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ECONOMY | 12-12-2023 17:50

Milei’s policy moves seen boosting Argentina's wheat crop by 60%

The arrival of Javier Milei to the Presidency is setting up the prospect of rapidly expanding wheat production in Argentina.

The rise of Javier Milei, Argentina’s newly minted president, is setting up the prospect of rapidly expanding wheat production in the largest South American exporter of the key staple grain. 

Milei’s promise to undo currency controls that curtail farm revenues and his goal of ditching agricultural export tariffs will entice increased production. Output could jump more than 60 percent in the next growing season to as high as 25 million metric tons, according to Mariano D’Amore, a crop grower and a board member of the Bahia Blanca Grain Exchange in Argentina’s breadbasket region.

There’s historical precedent for that kind of increase. The last time Argentina deregulated its wheat market, eight years ago when then-president Mauricio Macri scrapped limits and taxes on exports, production soared by 52 percent and kept climbing to fresh records. The jump under Milei could be even bigger because crops will also be recovering from a severe drought that’s hampered output this year. 

Argentina’s agriculture industry accounts for about 20 percent of gross domestic product. Before Milei’s election, some farmers had felt burned by governments that took some US$200 billion from growers over just the past two decades to pay for bloated budgets, shore up the peso and control inflation. 

“The promised changes are radical compared with previous government’s, so expectations among the agricultural sector are huge,” said Alejandro Castro, the president of Bahía Blanca Chamber of Grains Arbitration. 

More output from Argentina is likely to weigh on the world’s wheat market, which has already been under pressure because of huge supplies from top exporter Russia. Benchmark wheat futures are down about 20 percent this year in Chicago trading. The decline in the grain market has helped to keep a lid on global food inflation.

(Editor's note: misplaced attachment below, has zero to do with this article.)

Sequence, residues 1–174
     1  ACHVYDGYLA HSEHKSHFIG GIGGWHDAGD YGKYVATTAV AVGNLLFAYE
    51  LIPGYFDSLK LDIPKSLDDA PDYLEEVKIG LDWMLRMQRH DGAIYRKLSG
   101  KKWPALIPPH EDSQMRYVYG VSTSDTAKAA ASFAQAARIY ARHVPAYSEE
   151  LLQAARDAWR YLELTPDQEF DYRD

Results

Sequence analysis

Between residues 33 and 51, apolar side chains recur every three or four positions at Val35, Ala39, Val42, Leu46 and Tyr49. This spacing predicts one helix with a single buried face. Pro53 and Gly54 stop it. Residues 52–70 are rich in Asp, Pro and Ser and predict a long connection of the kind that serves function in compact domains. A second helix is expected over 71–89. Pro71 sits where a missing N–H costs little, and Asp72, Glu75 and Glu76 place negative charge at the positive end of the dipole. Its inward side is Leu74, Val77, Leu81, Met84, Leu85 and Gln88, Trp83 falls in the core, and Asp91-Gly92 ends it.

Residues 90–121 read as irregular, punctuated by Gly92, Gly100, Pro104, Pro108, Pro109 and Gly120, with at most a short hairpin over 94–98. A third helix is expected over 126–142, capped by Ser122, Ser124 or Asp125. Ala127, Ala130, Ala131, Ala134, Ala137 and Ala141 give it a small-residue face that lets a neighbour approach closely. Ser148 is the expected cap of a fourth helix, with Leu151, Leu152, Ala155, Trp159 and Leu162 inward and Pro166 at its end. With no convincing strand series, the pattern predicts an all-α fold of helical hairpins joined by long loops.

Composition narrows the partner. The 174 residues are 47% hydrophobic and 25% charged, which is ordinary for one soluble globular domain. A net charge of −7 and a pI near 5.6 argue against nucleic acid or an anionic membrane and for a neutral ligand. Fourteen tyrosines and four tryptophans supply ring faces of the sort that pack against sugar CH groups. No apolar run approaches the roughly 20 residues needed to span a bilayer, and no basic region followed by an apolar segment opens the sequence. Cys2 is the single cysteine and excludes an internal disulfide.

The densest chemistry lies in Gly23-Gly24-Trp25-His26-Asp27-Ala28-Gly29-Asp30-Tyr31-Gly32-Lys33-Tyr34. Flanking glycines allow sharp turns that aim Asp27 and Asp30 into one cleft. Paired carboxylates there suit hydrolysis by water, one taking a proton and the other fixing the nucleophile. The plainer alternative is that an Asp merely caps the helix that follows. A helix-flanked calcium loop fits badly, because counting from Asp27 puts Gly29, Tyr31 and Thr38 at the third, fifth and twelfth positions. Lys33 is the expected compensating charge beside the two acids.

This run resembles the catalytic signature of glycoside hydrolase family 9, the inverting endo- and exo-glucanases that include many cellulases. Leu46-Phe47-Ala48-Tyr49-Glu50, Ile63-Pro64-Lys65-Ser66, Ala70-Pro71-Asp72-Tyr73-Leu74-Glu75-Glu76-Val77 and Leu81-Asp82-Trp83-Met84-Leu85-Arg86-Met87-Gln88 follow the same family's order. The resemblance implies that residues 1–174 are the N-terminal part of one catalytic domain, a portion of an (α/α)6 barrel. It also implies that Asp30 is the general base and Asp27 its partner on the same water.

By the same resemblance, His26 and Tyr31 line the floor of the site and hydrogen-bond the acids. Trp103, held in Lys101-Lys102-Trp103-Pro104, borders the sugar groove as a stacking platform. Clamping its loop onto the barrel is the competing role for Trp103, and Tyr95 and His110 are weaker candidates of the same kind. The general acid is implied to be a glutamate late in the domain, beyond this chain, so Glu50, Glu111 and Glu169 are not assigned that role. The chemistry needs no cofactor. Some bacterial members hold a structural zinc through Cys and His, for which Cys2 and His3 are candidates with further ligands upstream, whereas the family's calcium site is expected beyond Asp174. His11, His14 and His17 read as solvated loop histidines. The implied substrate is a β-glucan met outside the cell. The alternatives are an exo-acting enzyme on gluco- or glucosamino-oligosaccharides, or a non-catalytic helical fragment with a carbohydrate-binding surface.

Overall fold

In Argentina, a devaluation of the peso against the dollar would likely encourage more exports, since the shipments fetch greenbacks in return. D’Amore of the Bahía Blanca exchange said he expects a better exchange rate for selling commodities, as well as at least a partial cut to export taxes. 

Economy Minister Luis Caputo will broadcast a recorded message on his first measures Tuesday evening after 5pm local time, according to the president’s chief spokesman. Caputo is also expected to meet with commodity exporter groups Tuesday after his televised announcement.

Under Macri’s administration, deregulation encouraged farmers to boost wheat acreage, and D’Amore expects that to be the case again. That would mark a reversal after investments dampened in recent years.

While wheat prices are down this year, uncertainty still remains over supplies from the Black Sea region amid Russia’s war in Ukraine. At the same time, China has recently been snapping up imports. Bountiful harvests from Argentina would help add to global supply cushions. 

Increases in Argentina wheat acreage would probably come at the expense of soybeans. Many farmers expect that Milei will scrap export taxes for wheat and corn, but keep them for soy, as seen under Macri. 

Also, the prospect of improving weather could benefit farmers after several consecutive droughts. More rains fuelled by El Niño would help the 2024-2025 wheat crop that’s mainly planted in June and July.

by Clarice Couto & Jonathan Gilbert, Bloomberg

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